01 Oct Four Myths About Addiction
What do you really know about addiction and treatment? Unless you have been intimately involved in walking beside a recovering addict, chances are that your ideas on the subject are far from fact-based. There is a lot of confusion and downright misinformation surrounding addiction and addiction treatment. Here are just a few of the most common misunderstandings.
1. An addicted person could choose to stop taking drugs if he/she really wanted to do so.
Addiction to drugs or alcohol may began with a choice. However, along the way that choice morphed into a compulsion. Over time and with repeated use, the substance effected literal brain changes which now impact how the person thinks and responds – and it isn’t the same way a healthy person would think and respond. More than sheer willpower is needed to conquer addiction. The addiction is actually an ill-fated attempt to cope with some sort of pain. Until that pain is addressed, no strength of will can overcome the behavior of addiction.
2. Addiction is just a reflection of a person’s moral failure.
Addiction is certainly a hurtful condition. It hurts the user and it hurts everyone around them. While it may seem like a simple matter of character to choose to stop hurting the people you love, it is actually more helpful to view the addiction as an illness. Many addicts feel tremendous guilt about the hurt they are causing even while they feel powerless to change. The person did not set out to hurt others, even though their addiction ultimately does affect more than themselves. The great sadness of addiction is that while the person hurts so many, they are also in one sense a victim.
3. Until a person reaches the end of his/her rope, help is useless.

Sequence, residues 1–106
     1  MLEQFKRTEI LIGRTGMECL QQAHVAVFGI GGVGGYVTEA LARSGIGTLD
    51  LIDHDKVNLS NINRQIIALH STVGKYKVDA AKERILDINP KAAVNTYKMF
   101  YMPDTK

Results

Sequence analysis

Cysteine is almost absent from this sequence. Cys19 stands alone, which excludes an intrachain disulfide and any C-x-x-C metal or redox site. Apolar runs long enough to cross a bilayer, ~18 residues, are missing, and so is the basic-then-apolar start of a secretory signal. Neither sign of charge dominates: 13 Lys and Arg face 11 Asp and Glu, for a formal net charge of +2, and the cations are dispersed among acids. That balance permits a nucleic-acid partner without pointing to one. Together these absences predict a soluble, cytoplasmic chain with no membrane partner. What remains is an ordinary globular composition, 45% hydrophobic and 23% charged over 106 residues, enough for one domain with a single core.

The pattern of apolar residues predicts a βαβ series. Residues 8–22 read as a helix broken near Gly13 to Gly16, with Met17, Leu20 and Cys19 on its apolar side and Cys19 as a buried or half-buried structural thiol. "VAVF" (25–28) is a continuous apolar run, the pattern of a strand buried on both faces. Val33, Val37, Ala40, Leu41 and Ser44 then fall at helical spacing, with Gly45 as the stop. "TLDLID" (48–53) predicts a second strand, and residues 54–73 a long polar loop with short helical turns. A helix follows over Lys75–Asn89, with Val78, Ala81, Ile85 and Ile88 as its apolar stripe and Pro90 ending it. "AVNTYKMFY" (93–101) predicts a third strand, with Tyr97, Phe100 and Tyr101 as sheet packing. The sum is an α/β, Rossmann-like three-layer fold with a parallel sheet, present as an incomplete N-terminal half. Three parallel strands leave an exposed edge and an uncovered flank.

It’s easy to lump people into categories and forget that addicts are people and people are different. It is not true that every person struggling with addiction has to get to the end of themselves before treatment can be effective. Some people respond very well to early intervention. Family or court insistence that a person get treatment can rescue a person before they hit bottom. In fact, a lot of people in treatment did not initially choose to be there – it was imposed on them. The good news is that once a person begins to see some success, they find hope.
4. Addiction is an unconquerable, permanent condition.
Do some treatments fail? The answer is yes. But, it may be that the treatment was simply the wrong one for that individual. There are many approaches to recovery because there are many variables in the human psyche and in human experience. Addiction is tough to beat and it is perhaps best to think of it as a chronic condition – but it isn’t destined to rule someone’s life forever after. People can learn to overcome addiction and live sober. Hope is the very greatest weapon in overcoming addiction. The loss of hope is the surest road to relapse. Keep in mind that addiction did not happen in a day and it won’t be overcome in a week.
Find relief in recovery. Life gets better with addiction treatment.
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